0.374

0.033

0.033

0.250

 

Working models for Y:

Five covariates with logit link

 

Working models for δ:

Five covariates with logit link

CE

0.378

0.102

0.080

0.946

0.288

0.108

0.076

0.902

PMI

0.385

0.034

0.036

0.950

0.288

0.036

0.033

0.922

NNMI MLR (5,0.4,0.4;0.2)

0.389

0.039

0.040

0.946

0.297

0.043

0.040

0.906

NNMI MLR (5,0.1,0.7;0.2)

0.399

0.042

0.045

0.942

0.292

0.041

0.039

0.918

NNMI MLR (5,0.7,0.1;0.2)

0.385

0.038

0.039

0.936

0.302

0.044

0.042

0.916

NNMI CLR (5,0.4,0.4;0.2)

0.384

0.037

0.038

0.938

0.304

0.042

0.040

0.918

NNMI CLR (5,0.1,0.7;0.2)

0.372

0.038

0.039

0.926

0.307

0.043

0.042

0.918

NNMI CLR (5,0.7,0.1;0.2)

0.395

0.038

0.039

0.944

0.305

0.043

0.041

0.908

 

Working models for Y:

Three covariates with logit link

  

(misspecified scenario 1)

 

Working models for δ:

Five covariates with logit link

CE

0.302

0.234

0.184

0.946

0.287

0.117

0.084

0.910

PMI

0.495

0.039

0.042

0.258

0.288

0.032

0.031

0.932

NNMI MLR (5,0.4,0.4;0.2)

0.436

0.051

0.053

0.852

0.295

0.042

0.040

0.914

NNMI MLR (5,0.1,0.7;0.2)

0.431

0.052

0.054

0.878

0.293

0.041

0.040

0.932

NNMI MLR (5,0.7,0.1;0.2)

0.433

0.050

0.053

0.858

0.296

0.042

0.041

0.924

NNMI CLR (5,0.4,0.4;0.2)

0.440

0.047

0.049

0.806

0.297

0.040

0.039

0.924

NNMI CLR (5,0.1,0.7;0.2)

0.429

0.046

0.048

0.852

0.299

0.042

0.039

0.926

NNMI CLR (5,0.7,0.1;0.2)

0.441

0.050

0.051

0.806

0.297

0.041

0.040

0.920

 

Working models for Y:

Five covariates with logit link

 

Working models for δ:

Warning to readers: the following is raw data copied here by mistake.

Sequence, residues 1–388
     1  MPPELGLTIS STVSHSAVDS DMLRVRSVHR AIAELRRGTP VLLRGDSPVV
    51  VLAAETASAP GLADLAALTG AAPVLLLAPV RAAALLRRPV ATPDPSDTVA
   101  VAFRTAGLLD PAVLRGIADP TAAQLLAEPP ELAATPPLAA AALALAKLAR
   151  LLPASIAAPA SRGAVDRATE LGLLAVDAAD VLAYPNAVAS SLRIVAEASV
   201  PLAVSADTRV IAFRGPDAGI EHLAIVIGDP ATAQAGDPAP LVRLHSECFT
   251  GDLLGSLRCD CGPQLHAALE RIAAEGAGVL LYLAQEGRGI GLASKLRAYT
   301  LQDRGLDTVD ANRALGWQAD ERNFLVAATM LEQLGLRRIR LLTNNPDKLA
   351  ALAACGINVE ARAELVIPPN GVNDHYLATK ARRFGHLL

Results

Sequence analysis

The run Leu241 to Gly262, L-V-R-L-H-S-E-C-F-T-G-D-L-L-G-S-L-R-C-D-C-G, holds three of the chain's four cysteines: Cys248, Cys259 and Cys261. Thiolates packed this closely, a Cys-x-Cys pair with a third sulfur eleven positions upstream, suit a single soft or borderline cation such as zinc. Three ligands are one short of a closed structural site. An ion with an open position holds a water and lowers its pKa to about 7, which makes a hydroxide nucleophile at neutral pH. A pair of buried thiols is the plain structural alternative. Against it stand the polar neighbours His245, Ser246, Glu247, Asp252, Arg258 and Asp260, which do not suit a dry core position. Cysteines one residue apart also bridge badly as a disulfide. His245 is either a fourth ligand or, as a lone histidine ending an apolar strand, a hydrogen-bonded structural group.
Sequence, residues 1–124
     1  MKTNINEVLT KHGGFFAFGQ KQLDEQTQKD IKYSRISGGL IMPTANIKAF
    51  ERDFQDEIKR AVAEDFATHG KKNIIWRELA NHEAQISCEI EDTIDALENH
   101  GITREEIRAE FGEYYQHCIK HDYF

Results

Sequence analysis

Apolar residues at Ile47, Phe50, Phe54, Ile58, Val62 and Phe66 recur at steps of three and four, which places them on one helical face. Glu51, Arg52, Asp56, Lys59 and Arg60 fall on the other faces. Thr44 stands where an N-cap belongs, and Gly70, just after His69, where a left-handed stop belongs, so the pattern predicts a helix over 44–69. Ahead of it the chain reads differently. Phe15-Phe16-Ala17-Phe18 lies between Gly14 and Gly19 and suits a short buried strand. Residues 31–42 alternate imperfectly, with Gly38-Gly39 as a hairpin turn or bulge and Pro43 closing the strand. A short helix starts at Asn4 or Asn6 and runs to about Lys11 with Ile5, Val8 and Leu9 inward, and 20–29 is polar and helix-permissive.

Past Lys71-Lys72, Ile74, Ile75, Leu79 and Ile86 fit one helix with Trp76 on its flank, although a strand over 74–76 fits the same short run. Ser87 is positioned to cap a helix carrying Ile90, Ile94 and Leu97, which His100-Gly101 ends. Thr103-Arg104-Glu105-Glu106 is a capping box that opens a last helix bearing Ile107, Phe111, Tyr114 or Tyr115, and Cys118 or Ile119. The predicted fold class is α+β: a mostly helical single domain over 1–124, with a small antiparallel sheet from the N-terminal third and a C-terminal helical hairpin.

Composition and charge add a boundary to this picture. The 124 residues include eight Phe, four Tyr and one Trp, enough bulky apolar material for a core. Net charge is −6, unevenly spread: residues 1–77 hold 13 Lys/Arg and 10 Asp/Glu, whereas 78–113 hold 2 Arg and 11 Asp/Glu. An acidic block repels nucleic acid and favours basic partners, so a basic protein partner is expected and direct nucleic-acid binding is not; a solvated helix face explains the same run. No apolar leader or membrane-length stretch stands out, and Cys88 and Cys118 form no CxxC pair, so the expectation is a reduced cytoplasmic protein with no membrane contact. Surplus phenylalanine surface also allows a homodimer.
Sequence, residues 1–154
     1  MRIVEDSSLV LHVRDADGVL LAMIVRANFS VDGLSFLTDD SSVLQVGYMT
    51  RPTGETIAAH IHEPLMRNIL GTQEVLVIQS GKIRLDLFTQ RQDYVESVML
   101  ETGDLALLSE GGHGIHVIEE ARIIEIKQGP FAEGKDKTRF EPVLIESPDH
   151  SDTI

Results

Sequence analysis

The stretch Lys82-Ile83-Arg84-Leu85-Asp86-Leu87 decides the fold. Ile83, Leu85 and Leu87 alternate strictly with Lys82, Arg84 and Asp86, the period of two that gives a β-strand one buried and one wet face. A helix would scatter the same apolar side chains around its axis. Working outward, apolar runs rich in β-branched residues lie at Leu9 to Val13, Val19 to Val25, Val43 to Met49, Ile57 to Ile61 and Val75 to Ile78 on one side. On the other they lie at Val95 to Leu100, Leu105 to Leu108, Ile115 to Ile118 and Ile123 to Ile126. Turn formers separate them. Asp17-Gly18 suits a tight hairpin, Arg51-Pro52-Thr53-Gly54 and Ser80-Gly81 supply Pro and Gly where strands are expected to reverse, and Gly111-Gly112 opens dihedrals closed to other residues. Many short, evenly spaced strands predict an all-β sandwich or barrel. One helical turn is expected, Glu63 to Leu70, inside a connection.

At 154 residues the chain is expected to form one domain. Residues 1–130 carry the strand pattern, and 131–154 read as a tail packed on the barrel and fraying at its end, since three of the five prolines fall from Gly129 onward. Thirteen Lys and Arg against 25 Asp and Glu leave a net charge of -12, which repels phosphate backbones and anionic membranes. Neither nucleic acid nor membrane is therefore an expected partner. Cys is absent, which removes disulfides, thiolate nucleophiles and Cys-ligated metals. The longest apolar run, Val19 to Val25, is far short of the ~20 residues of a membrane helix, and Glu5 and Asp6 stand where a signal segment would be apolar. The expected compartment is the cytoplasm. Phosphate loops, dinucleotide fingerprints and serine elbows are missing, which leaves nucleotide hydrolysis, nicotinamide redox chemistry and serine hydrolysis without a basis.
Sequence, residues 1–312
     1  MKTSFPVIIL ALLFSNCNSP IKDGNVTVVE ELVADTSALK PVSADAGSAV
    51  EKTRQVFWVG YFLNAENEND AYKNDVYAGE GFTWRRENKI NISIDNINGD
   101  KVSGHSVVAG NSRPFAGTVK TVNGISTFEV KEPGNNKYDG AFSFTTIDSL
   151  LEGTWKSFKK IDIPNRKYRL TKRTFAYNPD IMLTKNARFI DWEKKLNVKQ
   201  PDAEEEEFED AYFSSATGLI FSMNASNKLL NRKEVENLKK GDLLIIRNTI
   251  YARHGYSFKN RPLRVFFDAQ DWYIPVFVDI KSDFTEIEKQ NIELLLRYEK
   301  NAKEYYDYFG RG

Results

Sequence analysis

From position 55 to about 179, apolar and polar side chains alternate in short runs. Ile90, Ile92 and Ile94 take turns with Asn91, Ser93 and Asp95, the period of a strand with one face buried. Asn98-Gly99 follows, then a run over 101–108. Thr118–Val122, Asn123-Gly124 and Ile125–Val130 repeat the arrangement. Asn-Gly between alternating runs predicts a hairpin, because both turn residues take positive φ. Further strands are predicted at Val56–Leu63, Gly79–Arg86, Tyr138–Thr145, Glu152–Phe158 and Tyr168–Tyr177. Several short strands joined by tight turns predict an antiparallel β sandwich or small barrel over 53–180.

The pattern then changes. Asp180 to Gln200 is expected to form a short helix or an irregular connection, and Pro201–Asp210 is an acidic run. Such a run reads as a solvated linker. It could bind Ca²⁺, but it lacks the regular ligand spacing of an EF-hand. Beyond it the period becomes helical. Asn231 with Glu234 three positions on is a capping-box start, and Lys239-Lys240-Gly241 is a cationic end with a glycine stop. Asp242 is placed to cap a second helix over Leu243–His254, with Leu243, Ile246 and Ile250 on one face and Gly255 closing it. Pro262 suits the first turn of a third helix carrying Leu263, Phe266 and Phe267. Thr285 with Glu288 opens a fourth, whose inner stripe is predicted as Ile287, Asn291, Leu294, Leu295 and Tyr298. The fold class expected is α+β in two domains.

Three covariates with logit link

  

(misspecified scenario 2)

CE

0.386

0.050

0.048

0.960

0.286

0.043

0.040

0.894

PMI

0.385

0.034

0.036

0.950

0.288

0.036

0.033

0.922

NNMI MLR (5,0.4,0.4;0.2)

0.398

0.038

0.040

0.952

0.301

0.041

0.039

0.906

NNMI MLR (5,0.1,0.7;0.2)

0.426

0.042

0.045

0.858

0.294

0.039

0.037

0.922

NNMI MLR (5,0.7,0.1;0.2)

0.392

0.037

0.038

0.942

0.312

0.043

0.040

0.882

NNMI CLR (5,0.4,0.4;0.2)

0.390

0.035

0.038

0.954

0.307

0.040

0.039

0.912

NNMI CLR (5,0.1,0.7;0.2)

0.377

0.037

0.039

0.940

0.307

0.041

0.040

0.924

NNMI CLR (5,0.7,0.1;0.2)

0.401

0.036

0.037

0.938

0.313

0.041

0.039

0.912

Est: Estimates of probabilities; SD: Empirical standard deviation; SE: Estimate of standard error; CR: Coverage rate of 95% confidence intervals; FO: fully observed; CC: Complete Cases; CE: Calibration estimator; PMI: Parametric Multiple Imputation; NNMI MLR (NN,ω 1,ω 2;ω 3): the NNMI method using Multinomial Logistic Regressions, NN is the number of nearest neighbors and weights are ω 1,ω 2, and ω 3; NNMI CLR : the NNMI method using Cumulative Logistic Regressions; K = 10 imputed datasets are used for PMI and NNMI methods